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Poles In Eldritch Arkham


Des Essientes 7 | 1,291
30 Apr 2013 #1
Walpurgis Night is here and it may interest you to know that H.P. Lovecraft's supremely weird Walpurgis Night story contains several Polish characters. Set in Arkham, the fictional New England college town in which Lovecraft placed most of his stories, The Dreams in the Witch House, is the tale of a student, named Walter Gilman, who studies mathematics and folklore at Arkham's Miskatonic University. These dual concerns have lead the student to rent a room in Arkham's "Witch House" so named because it had harbored a reputed sorceress, named Kesiah Mason, who'd escaped from her Salem jail cell during the infamous witch trials, before the pious townsfolk were able to set her alight. The circumstances of her liberation were very mysterious:

That was in 1692-the gaoler had gone mad and babbled of a small, white-fanged furry thing which scuttled out of Keziah's cell, and not even Cotton Mather could explain the curves and angles smeared on the grey stone walls with some red, sticky fluid.

At the time of Lovecraft's story, presumably the mid 1930's when it was authored, the Witch House is owned by a Polish man and peopled with some Polish tenants. Readers familiar with Lovecraft's xenophobia may expect to find the Polonians less than favorably characterized in the tale, and I heartily invite them to read it at the link provided below, and to decide for themselves, if it is true, as many critics have alleged, that Lovecraft had indeed become far more tolerant during the last years of his life.

As April advanced Gilman's fever-sharpened ears were disturbed by the whining prayers of a superstitious loomfixer named Joe Mazurewicz, who had a room on the ground floor. Mazurewicz had told long, rambling stories about the ghost of old Keziah and the furry, sharp-fanged, nuzzling thing, and had said he was so badly haunted at times that only his silver crucifix-given him for the purpose by Father Iwanicki of St. Stanislaus' Church-could bring him relief.

/writings/texts/fiction/dwh.aspx
pam
30 Apr 2013 #2
There's nothing in the link you provided that suggests to me that Lovecraft was particularly xenophobic, but without having read any of his earlier work, I can't comment on whether he'd become more tolerant or not.

Nothing to compare it to.
OP Des Essientes 7 | 1,291
30 Apr 2013 #3
There's nothing in the link you provided that suggests to me that Lovecraft was particularly xenophobic

The link I provided is to the text of The Dreams in the Witch House. Did you read the entire story, Pam? If so what did you think of Lovecraft's characterization of the Poles in it?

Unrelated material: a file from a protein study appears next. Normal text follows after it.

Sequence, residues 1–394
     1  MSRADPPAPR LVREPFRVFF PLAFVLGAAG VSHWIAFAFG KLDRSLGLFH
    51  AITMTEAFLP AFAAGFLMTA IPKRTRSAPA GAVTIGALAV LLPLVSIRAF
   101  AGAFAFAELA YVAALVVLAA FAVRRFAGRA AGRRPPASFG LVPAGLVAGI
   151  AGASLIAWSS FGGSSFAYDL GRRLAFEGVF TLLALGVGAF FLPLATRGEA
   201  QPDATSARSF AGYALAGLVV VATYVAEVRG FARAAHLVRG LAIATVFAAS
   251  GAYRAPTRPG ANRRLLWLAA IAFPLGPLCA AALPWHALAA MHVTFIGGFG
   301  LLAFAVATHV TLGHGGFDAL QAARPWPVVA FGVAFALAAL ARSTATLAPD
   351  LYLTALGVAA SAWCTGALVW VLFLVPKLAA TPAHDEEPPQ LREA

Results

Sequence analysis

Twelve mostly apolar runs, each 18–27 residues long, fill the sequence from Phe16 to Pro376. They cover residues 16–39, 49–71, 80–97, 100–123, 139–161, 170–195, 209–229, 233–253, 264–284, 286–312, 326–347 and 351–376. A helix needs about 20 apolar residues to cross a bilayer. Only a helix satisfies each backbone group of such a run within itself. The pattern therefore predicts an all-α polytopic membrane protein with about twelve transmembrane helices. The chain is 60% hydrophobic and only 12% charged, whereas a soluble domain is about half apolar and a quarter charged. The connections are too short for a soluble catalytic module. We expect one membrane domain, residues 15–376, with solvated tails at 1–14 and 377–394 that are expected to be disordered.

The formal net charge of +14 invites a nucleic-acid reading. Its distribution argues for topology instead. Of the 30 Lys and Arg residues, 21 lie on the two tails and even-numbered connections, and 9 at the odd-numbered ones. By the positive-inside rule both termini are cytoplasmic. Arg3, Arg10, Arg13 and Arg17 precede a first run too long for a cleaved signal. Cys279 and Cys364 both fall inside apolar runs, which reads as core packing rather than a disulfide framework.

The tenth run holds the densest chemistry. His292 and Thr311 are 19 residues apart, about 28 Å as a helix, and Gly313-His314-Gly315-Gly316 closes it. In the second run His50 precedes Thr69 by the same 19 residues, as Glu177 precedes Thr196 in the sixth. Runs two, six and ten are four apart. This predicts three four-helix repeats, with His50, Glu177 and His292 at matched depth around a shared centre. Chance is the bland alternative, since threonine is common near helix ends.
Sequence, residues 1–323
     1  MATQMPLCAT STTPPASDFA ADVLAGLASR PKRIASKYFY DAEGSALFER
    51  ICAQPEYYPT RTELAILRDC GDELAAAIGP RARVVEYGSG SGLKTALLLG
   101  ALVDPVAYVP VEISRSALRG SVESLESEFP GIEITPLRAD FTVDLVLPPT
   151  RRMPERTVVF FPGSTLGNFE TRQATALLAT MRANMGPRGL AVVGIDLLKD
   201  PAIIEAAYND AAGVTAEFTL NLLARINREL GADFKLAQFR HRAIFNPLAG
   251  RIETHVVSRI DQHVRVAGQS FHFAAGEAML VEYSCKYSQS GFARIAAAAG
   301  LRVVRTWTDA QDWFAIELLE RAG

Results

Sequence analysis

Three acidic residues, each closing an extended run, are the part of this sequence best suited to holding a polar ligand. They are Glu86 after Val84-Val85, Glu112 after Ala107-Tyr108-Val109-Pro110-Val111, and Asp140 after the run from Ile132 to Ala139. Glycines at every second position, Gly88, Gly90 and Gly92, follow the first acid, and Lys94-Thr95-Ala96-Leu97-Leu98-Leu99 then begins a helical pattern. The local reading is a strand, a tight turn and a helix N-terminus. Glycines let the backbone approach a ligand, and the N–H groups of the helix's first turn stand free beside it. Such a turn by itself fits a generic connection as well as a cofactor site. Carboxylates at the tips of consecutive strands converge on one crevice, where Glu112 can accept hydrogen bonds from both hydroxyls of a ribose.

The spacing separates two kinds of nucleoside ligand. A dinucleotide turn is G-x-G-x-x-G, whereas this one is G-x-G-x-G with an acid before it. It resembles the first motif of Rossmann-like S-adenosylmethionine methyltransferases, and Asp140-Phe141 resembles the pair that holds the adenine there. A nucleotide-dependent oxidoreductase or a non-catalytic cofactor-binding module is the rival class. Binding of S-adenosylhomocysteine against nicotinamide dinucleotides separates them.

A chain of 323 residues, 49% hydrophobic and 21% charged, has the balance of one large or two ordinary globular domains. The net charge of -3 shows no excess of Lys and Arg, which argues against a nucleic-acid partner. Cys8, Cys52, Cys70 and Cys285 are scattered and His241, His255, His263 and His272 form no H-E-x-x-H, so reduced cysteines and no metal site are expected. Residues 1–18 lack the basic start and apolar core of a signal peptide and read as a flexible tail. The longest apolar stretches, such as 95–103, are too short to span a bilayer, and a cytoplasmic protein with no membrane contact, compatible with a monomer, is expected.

without having read any of his earlier work, I can't comment on whether he'd become more tolerant or not.

I feared that I was posting this thread on a forum in which no one has read Lovecraft, but it is Walpurgis Night so I said "What the Hell!"

Lovecraft does have avid readers worldwide. Here is an eerie looking Polish site devoted to him:
hplovecraft.pl
pam
30 Apr 2013 #4
Did you read the entire story, Pam?

I read the passage from the story which you have highlighted, but the link at bottom of your post doesn't work.
Wroclaw 44 | 5,385
30 Apr 2013 #5
hplovecraft.pl

but the link at bottom of your post doesn't work.

it worked for me, pam. please try again

edit.. sorry.... u meant the op, maybe... my bad if so
pam
30 Apr 2013 #6
This doesn't work: So I can't read rest of story!
TheOther 5 | 3,711
30 Apr 2013 #7
This doesn't work:

Try this: hplovecraft.com/writings/texts/fiction/dwh.aspx
pam
30 Apr 2013 #8
Thank you!

Did you read the entire story, Pam? If so what did you think of Lovecraft's characterization of the Poles in it?

I've just finished the story, and very enjoyable it was too!
I suppose to a degree you could say Lovecraft was portraying the Poles in a slightly negative way, but I was reading it with a critical eye, and tbh, had i not have been, there wasn't much that would have leapt off the page at me screaming xenophobia!

Yes, Gilman refers to Mazurewicz as a superstitious foreigner, but equally he says the same about the French-Canadian tenant. In the context of what he's saying, I just think that Lovecraft is trying to add to the overall sense of doom with Walpurgis-Night approaching.

If you were going to be really picky, I suppose you could say his attitude toward foreigners is a bit off, especially referring to the Polish woman whose son was taken, as ' clod like', but if we weren't specifically discussing Poles here, I don't think much would be made of this story.

As i said before, I've not read his earlier work, to judge whether he was xenophobic or not. Certainly not too much to complain about in this story.

Anyway I'm not a book critic, let's see if other posters have differing opinions.


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